Real Madrid wins Champions League in penalty shootout
MILAN (AP) — Cristiano Ronaldo did it again for Real Madrid, stepping forward to score a penalty and inflict another devastating loss in a Champions League final on rival Atletico Madrid.
For the second time in three finals, the biggest game in club soccer ended with Ronaldo sealing victory, then ripping off his shirt to show off his muscled torso to adoring fans.
Ronaldo’s decisive spot kick in the shootout gave Real Madrid a 5-3 victory on penalties, following a 1-1 draw after extra time in Saturday’s final.
Two years ago, the Portuguese superstar’s penalty had sealed a 4-1 extra-time win over Atletico and prompted the first of his provocative celebrations.
“I knew I was going to score the winning penalty. I was confident,” said Ronaldo, who won his third Champions League title. “I asked (coach Zinedine) Zidane to let me take the last penalty.”
UN health agency rejects call to postpone Rio Olympics
BERLIN (AP) — The World Health Organization on Saturday rejected a call from 150 health experts to consider postponing or moving the Rio Summer Olympics due to the Zika virus in hard-hit Brazil, arguing that the shift would make no significant difference to the spread of the virus.
The U.N. health agency, which declared the spread of Zika in the Americas a global emergency in February, said in a statement there is “no public health justification” for postponing or canceling the 2016 games, which run from Aug. 5-21.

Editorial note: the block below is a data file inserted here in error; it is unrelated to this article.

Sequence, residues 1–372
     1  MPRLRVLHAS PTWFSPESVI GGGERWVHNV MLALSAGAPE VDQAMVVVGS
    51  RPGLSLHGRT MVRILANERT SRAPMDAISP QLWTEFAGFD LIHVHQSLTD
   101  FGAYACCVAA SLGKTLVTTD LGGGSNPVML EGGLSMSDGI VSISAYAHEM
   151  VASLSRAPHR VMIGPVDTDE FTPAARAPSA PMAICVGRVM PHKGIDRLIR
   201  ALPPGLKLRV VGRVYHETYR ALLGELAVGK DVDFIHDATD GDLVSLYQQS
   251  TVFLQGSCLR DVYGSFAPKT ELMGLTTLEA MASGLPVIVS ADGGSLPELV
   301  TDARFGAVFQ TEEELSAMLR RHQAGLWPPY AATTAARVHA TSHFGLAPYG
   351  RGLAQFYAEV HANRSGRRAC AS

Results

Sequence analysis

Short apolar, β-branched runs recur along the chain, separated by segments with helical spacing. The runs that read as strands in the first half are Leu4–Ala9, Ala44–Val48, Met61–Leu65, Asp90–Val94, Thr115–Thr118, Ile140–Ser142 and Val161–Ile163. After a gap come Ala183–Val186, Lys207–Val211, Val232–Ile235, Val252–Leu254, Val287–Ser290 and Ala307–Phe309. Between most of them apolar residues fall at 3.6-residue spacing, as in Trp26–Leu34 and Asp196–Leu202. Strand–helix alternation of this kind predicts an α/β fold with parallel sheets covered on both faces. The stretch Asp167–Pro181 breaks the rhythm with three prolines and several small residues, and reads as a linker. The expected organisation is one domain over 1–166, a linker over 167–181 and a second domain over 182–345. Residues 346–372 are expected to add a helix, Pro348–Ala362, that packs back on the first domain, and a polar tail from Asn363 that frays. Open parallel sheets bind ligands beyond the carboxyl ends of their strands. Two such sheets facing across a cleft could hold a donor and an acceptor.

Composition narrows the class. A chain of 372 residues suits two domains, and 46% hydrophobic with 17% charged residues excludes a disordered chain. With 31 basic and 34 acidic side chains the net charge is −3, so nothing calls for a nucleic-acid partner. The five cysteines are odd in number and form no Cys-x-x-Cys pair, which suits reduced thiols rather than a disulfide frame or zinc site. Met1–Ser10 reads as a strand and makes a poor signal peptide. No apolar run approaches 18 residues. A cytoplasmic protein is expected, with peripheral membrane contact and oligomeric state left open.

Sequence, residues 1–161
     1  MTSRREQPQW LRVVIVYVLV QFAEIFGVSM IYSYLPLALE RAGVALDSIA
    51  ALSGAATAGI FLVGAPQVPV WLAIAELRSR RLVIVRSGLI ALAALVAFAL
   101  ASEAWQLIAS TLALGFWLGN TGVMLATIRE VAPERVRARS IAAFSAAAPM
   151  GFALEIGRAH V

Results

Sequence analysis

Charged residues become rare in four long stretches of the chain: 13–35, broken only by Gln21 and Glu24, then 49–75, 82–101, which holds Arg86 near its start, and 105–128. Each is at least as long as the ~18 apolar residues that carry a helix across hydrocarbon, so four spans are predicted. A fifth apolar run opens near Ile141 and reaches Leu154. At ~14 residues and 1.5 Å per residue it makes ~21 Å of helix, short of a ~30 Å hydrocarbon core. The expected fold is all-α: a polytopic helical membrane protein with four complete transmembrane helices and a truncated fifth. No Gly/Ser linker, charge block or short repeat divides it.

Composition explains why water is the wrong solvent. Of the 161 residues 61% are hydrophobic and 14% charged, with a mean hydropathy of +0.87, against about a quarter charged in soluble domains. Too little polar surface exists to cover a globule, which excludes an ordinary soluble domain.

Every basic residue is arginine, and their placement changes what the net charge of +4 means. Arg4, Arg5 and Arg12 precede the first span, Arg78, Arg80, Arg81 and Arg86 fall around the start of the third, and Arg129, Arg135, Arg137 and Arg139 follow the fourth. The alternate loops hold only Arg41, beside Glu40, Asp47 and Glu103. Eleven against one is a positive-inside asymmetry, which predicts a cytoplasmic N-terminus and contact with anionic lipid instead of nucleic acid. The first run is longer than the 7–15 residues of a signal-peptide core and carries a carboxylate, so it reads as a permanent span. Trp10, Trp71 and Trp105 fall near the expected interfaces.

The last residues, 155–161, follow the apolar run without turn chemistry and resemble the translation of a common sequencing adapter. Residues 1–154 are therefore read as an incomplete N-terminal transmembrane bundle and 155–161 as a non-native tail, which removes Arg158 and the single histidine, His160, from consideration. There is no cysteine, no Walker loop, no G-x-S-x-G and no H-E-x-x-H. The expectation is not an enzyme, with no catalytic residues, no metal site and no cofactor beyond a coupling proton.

Hundreds of thousands of people from around the world are expected to travel to Rio de Janeiro and other Brazilian destinations this summer to see some 10,000 athletes compete at the games.
In an open letter to the WHO director-general released Friday, experts from over two dozen countries in fields including public health, bioethics and pediatrics — among them former White House science adviser Dr. Philip Rubin — called for the Rio games to be delayed or relocated, though not canceled, “in the name of public health.”
Friday’s letter cited recent scientific evidence that the Zika virus causes severe birth defects , most notably babies born with abnormally small heads. In adults, it can cause neurological problems, including a rare syndrome that can be fatal or result in temporary paralysis.
Italian, Irish, German ships save over 650 migrants at sea
ROME (AP) — A flotilla of ships saved 668 migrants Saturday from smugglers’ boats in distress in the Mediterranean Sea off the coast of Libya, Italian authorities said — bringing the week’s total of migrants plucked from the sea to a staggering 13,000 people.
The rescues by the Italian coast guard and navy ships, aided by Irish and German vessels and humanitarian groups, are the latest by a multinational patrol south of the Italian island of Sicily.
The Irish military said the vessel Le Roisin saved 123 migrants from a 12-meter-long (40-foot) rubber dinghy and recovered a male body. A German ship patrolling to intercept smugglers’ boats also was involved in four separate rescue operations, the Italian coast guard said Saturday evening.